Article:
In the first search of the entire human genome in African Americans, Caucasians, and Hispanics with asthma, researchers supported by the National Heart, Lung, and Blood Institute (NHLBI) have found evidence for linkage of asthma-susceptibility genes to six previously-unreported chromosomal regions. Evidence for linkage was also detected in 5 regions previously reported to be linked to asthma-associated traits, such as bronchial hyperresponsivity and allergic sensitivity. Of the 11 chromosomal regions identified, all but one were unique to only one racial or ethnic group, suggesting that the relative importance of specific asthma-susceptibility genes and the effects of environmental exposures may vary by race or ethnicity.
The report, from the NHLBI Collaborative Study on the Genetics of Asthma (CSGA), appears in the April issue of Nature Genetics.
According to NHLBI Director Dr. Claude Lenfant, "This is an intriguing study. It not only brings us one step closer to identifying all the important genes that contribute to the development of asthma, but it also provides a possible explanation for the substantial differences in disease prevalence and severity that we have observed among different racial and ethnic groups in the U.S."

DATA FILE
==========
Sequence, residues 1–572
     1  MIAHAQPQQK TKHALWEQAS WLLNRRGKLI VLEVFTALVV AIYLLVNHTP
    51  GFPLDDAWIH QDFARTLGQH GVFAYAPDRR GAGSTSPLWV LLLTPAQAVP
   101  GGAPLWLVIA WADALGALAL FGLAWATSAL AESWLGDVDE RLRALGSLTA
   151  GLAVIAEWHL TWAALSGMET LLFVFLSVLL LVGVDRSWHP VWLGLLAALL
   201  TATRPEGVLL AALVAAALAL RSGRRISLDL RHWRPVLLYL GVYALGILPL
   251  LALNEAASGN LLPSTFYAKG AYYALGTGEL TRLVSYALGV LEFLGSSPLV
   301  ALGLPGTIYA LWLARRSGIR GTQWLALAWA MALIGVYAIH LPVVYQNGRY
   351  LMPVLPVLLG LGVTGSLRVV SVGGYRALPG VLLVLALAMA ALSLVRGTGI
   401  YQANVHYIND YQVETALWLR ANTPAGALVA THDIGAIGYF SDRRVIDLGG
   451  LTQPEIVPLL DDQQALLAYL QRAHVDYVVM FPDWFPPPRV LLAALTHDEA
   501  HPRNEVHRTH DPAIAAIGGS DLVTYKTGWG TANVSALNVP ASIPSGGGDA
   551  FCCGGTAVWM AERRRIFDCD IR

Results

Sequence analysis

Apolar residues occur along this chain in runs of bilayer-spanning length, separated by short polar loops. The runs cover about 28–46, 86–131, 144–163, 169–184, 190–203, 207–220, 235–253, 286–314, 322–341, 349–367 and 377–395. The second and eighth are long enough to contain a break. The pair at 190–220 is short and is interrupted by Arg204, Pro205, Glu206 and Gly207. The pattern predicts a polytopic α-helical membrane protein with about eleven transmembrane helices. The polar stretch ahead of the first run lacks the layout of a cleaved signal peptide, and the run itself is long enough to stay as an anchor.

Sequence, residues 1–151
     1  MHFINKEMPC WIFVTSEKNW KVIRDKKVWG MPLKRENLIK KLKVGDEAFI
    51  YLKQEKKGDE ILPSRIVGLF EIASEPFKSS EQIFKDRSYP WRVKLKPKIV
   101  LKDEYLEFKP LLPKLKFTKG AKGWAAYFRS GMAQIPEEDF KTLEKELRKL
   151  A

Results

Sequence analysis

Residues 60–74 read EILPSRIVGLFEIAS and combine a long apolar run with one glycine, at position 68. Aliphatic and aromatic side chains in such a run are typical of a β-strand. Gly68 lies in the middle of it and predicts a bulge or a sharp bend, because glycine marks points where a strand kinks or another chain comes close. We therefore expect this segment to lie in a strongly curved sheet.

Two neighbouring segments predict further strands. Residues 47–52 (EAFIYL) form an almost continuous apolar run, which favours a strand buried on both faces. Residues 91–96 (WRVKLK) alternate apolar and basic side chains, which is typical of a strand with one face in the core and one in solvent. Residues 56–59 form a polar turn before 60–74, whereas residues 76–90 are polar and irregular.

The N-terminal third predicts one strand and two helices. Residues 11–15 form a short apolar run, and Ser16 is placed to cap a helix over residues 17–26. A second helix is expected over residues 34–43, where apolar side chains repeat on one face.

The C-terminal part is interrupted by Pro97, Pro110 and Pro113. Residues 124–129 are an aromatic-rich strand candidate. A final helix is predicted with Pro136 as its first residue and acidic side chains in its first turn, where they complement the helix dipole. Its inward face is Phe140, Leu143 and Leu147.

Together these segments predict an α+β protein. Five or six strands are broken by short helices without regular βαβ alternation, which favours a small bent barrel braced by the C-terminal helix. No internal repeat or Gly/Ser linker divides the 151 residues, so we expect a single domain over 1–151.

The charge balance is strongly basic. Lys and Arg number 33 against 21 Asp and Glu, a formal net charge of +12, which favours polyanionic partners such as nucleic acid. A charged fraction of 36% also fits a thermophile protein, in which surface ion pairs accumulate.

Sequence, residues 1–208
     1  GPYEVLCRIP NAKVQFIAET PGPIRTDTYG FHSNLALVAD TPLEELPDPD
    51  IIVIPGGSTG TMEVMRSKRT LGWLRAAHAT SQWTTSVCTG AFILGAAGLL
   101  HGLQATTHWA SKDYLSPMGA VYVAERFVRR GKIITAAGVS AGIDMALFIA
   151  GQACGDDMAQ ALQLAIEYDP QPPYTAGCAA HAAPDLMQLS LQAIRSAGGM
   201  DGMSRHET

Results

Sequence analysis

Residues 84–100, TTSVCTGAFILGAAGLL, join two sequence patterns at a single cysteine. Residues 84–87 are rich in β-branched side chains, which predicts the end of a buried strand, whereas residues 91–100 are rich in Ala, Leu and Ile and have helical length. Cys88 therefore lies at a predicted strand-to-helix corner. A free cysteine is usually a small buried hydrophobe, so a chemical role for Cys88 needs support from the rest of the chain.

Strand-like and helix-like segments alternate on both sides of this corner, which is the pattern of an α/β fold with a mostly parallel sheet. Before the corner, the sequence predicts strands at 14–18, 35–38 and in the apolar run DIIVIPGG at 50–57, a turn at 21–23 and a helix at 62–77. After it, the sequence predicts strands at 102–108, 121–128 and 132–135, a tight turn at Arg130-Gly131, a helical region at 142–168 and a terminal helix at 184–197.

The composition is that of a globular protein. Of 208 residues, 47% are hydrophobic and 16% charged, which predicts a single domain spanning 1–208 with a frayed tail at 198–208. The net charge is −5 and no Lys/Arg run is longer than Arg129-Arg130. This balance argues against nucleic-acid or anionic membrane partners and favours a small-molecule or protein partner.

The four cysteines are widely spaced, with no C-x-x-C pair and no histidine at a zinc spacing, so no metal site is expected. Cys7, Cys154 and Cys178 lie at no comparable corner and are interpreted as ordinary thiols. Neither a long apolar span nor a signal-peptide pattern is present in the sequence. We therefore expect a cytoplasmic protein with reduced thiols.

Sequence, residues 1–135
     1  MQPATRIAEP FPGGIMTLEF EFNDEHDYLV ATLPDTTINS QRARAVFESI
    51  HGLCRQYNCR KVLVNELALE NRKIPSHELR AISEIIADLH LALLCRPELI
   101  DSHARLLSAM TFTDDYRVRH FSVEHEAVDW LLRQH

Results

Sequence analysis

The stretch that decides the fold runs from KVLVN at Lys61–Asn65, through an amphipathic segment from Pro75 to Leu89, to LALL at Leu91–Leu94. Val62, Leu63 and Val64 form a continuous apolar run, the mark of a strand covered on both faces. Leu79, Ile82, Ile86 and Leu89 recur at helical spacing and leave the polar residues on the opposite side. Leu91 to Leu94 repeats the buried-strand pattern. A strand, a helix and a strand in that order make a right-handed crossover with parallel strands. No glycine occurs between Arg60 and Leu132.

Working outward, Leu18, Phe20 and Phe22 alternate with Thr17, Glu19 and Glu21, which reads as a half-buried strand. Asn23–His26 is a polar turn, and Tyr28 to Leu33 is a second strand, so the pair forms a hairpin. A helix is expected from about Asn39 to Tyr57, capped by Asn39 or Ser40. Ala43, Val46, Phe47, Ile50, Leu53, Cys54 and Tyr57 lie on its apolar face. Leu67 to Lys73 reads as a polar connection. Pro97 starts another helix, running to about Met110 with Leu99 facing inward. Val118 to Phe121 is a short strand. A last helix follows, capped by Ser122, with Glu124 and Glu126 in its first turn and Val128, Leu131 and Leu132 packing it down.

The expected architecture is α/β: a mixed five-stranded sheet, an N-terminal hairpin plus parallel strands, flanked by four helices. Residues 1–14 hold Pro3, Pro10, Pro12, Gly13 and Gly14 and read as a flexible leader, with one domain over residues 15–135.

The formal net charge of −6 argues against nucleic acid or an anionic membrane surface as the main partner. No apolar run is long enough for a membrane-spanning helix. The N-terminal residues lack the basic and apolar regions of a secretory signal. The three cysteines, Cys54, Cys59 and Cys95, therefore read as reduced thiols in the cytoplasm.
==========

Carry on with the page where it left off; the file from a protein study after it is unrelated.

"Of course," he added, "these findings must be replicated in additional families with asthma."
The investigators currently are analyzing the 11 chromosomal regions in a new set of families to try to replicate the findings.
The prevalence of asthma is greater for blacks (6.1 percent) than for whites (5.0 percent), while in Hispanics, it ranges from a low of 2.7 percent among Mexican-American children living in the Southwest to 11.2 percent for Puerto Rican children living in New York City. Both hospitalization and death rates for blacks are nearly triple those of whites.
In the study, investigators at the 4 CSGA centers analyzed data on 380 children and adults with asthma (117 African Americans, 215 Caucasians, and 48 Hispanics). Each of the 140 families involved in the current analysis had at least 2 siblings with established asthma.
The CSGA centers are the University of Chicago, the Johns Hopkins University, the University of Maryland, and the University of Minnesota. The gene mapping was performed by the NHLBI Mammalian Genotyping Service in Marshfield, WI.
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